The world would end in 1492 - so the prophets, soothsayers and stargazers said. They were right. Their world did end. Ours began. Felipe Fernandez-Armesto traces key elements of the modern world back to that single, fateful year: the way power and wealth are distributed around the globe; the way major religions and civilisations divide the world. Events that began in 1492 even transformed the whole ecological system of the planet. Our individualism and the very sense we share of inhabiting one world, as partakers in a common humanity, took shape and became visible. In search of the origins of modernity, 1492 takes readers on a journey around the globe of the time, in the company of real-life travellers, drawing the together the threads that began to bind the planet. The tour starts in Granada, where the last Islamic kingdom in Europe collapsed, then moves to Timbuktoo, where a new Muslim empire triumphed. With Portuguese explorers, we visit the court of the first Christian king in the southern hemisphere. We join Jews expelled from Spain as they cross the Mediterranean to North Africa, Italy and Istanbul.
We see the frozen frontiers of the dynamic, bloody Russia of Ivan the Great, and hear mystical poets sing on the shores of the Indian Ocean. We observe the Aztecs and Incas lay the foundations of a New World in the Americas. Wars and witchcraft, plagues and persecutions, poetry and prophecy, science and magic, art and faith - all the glories and follies of the time are in this book. Everywhere, new departures marked the start of a new configuration for humankind, revealing how and why the modern world is different from the worlds of antiquity and the middle ages. History seems a patternless labyrinth - but a good guide can trace our paths through it back to the moment when some of the most striking features of today's world began.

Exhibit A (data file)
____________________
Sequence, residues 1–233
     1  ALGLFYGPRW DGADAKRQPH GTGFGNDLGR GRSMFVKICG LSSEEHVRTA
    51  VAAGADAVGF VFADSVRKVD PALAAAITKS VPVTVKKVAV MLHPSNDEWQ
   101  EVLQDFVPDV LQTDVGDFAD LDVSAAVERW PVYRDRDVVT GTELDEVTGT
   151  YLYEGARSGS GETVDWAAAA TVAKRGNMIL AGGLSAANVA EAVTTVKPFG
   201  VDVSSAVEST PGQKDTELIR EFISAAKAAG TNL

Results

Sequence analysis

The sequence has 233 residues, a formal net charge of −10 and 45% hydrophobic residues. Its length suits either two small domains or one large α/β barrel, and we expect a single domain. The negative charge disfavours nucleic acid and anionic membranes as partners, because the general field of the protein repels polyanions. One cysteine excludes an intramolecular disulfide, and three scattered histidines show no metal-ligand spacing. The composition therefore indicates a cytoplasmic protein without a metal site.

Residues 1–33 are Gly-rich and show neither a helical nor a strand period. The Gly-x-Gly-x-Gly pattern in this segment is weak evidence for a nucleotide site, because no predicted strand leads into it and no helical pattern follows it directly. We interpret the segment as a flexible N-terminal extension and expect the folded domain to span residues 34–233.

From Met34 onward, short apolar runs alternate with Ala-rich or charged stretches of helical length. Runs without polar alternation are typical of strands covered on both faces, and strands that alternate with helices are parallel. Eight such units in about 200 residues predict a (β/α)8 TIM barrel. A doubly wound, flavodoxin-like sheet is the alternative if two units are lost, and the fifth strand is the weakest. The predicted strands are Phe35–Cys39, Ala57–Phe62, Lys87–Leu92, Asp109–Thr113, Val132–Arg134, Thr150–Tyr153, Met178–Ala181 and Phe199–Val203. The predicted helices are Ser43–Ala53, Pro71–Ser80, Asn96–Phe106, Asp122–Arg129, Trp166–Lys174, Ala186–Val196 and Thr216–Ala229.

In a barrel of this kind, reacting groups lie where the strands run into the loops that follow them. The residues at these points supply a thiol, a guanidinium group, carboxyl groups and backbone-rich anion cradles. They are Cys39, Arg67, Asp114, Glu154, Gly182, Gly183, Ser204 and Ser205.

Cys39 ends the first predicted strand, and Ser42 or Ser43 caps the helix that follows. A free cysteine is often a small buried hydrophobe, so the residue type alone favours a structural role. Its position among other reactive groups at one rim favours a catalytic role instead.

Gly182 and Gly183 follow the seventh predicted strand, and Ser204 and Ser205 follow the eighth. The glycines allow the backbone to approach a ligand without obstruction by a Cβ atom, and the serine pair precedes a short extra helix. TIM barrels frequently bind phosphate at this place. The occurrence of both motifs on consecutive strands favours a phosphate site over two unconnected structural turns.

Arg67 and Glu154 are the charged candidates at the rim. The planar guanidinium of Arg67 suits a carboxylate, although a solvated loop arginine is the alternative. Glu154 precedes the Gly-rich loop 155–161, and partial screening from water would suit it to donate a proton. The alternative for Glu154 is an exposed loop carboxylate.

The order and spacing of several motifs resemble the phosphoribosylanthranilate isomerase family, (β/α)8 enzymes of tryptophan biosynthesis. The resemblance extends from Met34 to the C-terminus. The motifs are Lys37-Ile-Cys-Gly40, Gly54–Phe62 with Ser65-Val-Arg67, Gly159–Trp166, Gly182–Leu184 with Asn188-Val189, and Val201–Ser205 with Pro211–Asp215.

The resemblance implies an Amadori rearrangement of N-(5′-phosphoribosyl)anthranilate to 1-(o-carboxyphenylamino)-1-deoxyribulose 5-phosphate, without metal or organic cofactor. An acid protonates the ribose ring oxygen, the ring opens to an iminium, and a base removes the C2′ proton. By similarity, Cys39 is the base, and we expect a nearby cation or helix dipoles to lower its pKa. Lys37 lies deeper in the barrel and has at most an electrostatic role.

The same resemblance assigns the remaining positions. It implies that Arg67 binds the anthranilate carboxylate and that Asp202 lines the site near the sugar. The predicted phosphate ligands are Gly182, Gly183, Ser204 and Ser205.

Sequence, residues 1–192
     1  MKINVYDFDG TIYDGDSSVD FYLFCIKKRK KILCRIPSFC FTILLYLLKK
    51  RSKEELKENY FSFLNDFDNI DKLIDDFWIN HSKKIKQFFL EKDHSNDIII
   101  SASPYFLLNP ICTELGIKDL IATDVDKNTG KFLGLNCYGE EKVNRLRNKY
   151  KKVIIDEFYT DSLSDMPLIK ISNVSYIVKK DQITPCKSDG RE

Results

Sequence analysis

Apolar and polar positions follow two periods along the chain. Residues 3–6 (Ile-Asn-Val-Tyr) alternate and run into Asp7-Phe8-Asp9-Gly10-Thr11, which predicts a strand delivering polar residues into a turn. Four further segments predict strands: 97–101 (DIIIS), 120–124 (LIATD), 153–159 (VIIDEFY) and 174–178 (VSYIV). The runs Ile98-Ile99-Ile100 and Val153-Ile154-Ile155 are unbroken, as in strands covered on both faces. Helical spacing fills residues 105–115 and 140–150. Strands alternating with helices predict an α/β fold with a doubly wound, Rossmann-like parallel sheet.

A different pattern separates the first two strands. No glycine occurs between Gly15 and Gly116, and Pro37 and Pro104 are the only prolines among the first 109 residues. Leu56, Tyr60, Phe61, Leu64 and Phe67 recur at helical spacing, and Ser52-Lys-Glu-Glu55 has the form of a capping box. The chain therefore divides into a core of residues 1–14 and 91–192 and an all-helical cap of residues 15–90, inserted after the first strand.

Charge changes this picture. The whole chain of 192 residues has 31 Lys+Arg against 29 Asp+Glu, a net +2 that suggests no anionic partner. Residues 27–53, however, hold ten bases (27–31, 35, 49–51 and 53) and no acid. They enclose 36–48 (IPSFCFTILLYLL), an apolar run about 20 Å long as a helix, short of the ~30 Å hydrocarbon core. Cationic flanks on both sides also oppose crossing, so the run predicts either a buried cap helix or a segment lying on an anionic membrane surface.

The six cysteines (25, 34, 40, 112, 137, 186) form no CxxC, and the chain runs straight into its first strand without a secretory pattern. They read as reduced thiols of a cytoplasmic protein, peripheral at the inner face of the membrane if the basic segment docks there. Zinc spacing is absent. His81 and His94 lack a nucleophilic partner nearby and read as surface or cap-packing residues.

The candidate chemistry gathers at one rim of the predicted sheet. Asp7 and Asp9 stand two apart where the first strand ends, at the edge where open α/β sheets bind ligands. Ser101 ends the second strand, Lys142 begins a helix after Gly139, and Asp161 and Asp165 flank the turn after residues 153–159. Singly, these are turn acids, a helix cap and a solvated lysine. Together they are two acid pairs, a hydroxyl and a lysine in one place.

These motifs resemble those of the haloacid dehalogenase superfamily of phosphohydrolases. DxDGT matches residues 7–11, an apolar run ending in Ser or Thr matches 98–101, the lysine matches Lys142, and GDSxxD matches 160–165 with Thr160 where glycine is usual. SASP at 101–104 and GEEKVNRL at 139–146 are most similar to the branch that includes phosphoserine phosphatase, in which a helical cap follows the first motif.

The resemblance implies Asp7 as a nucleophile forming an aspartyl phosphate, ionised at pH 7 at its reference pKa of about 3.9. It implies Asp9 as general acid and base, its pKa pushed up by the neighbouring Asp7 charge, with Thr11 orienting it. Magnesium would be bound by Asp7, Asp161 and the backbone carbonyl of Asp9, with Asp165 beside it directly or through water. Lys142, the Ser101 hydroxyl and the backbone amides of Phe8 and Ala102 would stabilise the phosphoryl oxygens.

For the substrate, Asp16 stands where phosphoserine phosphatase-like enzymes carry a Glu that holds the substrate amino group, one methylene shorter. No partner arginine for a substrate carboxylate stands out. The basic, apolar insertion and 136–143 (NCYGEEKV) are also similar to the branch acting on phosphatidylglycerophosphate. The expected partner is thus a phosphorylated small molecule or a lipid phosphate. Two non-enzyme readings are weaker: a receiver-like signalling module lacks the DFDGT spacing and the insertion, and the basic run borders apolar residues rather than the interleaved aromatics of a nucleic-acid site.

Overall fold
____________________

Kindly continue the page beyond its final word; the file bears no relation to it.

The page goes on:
Felipe Fernandez-Armesto was born in London in 1950. His books include The Times Atlas of World Exploration, Columbus, Edward Gibbon's Atlas of the World, Barcelona: a Thousand Years of the City's Past, Millennium and Truth. Translations of his work have appeared in twenty languages and he has been shortlisted for numerous prizes. Fernandez-Armesto is Professor of Global Environmental History at Queen Mary, University of London, and has been a member of the Faculty of Modern History at Oxford University since 1983. From September 2005 he has been Principe de Asturias Chair in Spanish Culture and Civilization at Tufts University. He lives in Oxford